Normally the end sections 42 contain bunks for sleeping and storage areas underneath. The cant of the floor 40 and section 39 accommodates a slight settling in the end sections 39 when a load is applied with the result that floor 40 becomes level with floor 26 and does not sag as otherwise could be the situation.
The triangular spaces between the upper edges of the sidewalls of drawer sections 39 and the hinged wall 70 are closed when the roof is fully raised by window sections 130 hinged at 132 which swing upward into position from horizontal disposition when the house is compacted.
It will be understood that in a housing unit where there are two end sections there need be two extension mechanisms. Second sprocket 89 on shaft powers such second mechanism which, however, works in reverse order to the one described.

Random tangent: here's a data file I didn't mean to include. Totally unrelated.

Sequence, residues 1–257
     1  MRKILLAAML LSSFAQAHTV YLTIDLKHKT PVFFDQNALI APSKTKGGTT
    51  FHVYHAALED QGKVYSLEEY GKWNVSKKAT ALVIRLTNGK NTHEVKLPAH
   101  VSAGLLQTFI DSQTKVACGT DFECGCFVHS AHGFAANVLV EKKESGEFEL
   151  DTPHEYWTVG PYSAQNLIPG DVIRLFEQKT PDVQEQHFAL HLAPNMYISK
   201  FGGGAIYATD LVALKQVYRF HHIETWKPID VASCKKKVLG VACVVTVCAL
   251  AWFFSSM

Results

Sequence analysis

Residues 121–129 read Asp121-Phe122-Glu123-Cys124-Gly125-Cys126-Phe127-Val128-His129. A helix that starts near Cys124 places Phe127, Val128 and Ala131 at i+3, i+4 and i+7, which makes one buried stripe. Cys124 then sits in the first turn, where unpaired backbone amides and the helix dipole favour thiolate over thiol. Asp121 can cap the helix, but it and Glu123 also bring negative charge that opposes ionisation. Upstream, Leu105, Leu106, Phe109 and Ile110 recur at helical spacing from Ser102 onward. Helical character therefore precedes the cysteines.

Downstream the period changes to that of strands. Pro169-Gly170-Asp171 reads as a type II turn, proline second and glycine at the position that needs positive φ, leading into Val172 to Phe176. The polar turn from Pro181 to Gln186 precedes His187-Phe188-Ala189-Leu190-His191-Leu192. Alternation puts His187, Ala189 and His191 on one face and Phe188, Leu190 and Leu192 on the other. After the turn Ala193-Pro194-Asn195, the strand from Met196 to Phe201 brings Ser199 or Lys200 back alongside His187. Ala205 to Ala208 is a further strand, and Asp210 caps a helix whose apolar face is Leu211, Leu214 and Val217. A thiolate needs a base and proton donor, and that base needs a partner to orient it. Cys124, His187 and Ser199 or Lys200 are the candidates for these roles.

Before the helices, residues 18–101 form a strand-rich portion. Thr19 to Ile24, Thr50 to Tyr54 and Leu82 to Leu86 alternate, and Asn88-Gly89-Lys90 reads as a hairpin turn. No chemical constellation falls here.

This is accomplished by merely inverting or reversing the chain-cable-link dog system so that it operates in the opposite direction.
Changes and modifications will occur to those skilled in the art and are contemplated herein in describing and disclosing the principles of this invention.
What is claimed is:
1. An expandable house, comprising:
a rectangular floor frame having an opposed pair of upstanding side walls vertically unconnected at one end;
a horizontally movable drawer section comprising a floor and upstanding side walls, the outer edges of which are connected by a single end wall;
said drawer section being telescopically related to said floor frame and its side walls at said one end;
a roof section overlying said floor frame and having depending walls in telescopic relation to said floor frame side walls and said single end wall of the drawer section;